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Tokyo 2020 and Team USA Close Out A Successful & Unprecedented Olympic Games

By Peggy Shinn | Aug. 08, 2021, 9:04 a.m. (ET)

Flag bearer Kara Winger at the Closing Ceremony of the Olympic Games Tokyo 2020 on Aug. 8, 2021 in Tokyo.

 

TOKYO — The weather on the final day of the Olympic Games Tokyo 2020 was a metaphor for these Games. With the Closing Ceremony looming in Tokyo’s open-air Olympic Stadium, a typhoon was unleashing torrential rain on the city.

But as evening approached, the rain stopped and skies cleared, and a warm evening welcomed the athletes to the Closing Ceremony. Just like Tokyo had warmly greeted the athletes (and all Games participants) in the previous weeks.

The Games had been postponed for a year due to the Covid-19 pandemic. But the postponement is now, thankfully, a memory. 

After 17 days of tough competition — and many months of uncertainty leading up to the Games, plus stringent restrictions and regular Covid-19 testing for all participants — the Closing Ceremony was a celebration that Tokyo had pulled off a successful Games. With a park-like setting, the ceremony offered a communal place for the athletes to relax and celebrate. 

And U.S. athletes have much to celebrate. Team USA tallied 113 total medals, the most of any nation at the Tokyo Games, and the most gold medals, with 39 (one more than second-place China). Although it was not the most medals ever, or the most golds (the Rio Games still hold that honor), Team USA athletes scored many milestones.

With a silver in the team event and bronze on the balance beam, Simone Biles tied Shannon Miller as the most decorated U.S. gymnast in Olympic history, with seven medals. … Five-time Olympian Allyson Felix became the most decorated American track and field athlete, winning two more medals in her final Olympic Games. … Delaney Schnell and Jessica Parratto won the first medal for the U.S. in synchronized platform diving. … American teen Nevin Harrison won the first gold medal in women’s canoe/kayak. … At the Izu Velodrome south of Tokyo, Jennifer Valente became the first U.S. woman to win a U.S. gold medal in track cycling. … And Caeleb Dressel won five Olympic gold medals — the most of any American here in Tokyo — and set two world records in the pool.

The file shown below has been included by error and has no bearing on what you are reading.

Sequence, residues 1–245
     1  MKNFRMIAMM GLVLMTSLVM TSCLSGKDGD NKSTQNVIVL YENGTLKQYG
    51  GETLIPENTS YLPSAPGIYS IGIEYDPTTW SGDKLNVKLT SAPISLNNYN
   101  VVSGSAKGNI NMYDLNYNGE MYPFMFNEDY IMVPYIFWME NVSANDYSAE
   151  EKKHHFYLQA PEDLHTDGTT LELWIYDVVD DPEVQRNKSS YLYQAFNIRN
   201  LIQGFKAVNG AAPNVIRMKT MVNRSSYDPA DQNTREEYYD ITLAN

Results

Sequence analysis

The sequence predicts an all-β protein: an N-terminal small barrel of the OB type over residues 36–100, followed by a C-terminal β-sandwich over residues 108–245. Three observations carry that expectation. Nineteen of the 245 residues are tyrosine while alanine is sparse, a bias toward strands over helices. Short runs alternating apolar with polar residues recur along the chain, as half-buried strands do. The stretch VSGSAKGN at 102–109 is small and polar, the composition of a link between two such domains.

To name a few.

Members of Team USA pose at the Olympic Games Tokyo 2020 on Aug. 8, 2021 in Tokyo.

 

Notably, of the 257 American athletes who are taking home Olympic medals, two-thirds of them are women — a testament to Title IX and the continued fight for gender parity in sports. An example: the U.S. women won five Olympic gold medals in track & field, the American men claimed two.

“It’s awesome,” said Felix after she helped the U.S. women win the 4x400 women’s relay. “The women showed up, and I think we’ve been showing up on the track and off the track in all of the ways.”

Fueling the American medal haul is a collegiate system that offers world-class sports; 82 percent (210 of 257) of American medal winners competed collegiately. 

Diving is a perfect display of the power of NCAA competition. The five U.S. athletes who won medals in Tokyo all came up through collegiate diving programs. This past year, with most diving competitions canceled or postponed due to the pandemic, college students like Schnell still had access to world-class facilities and regular competitions.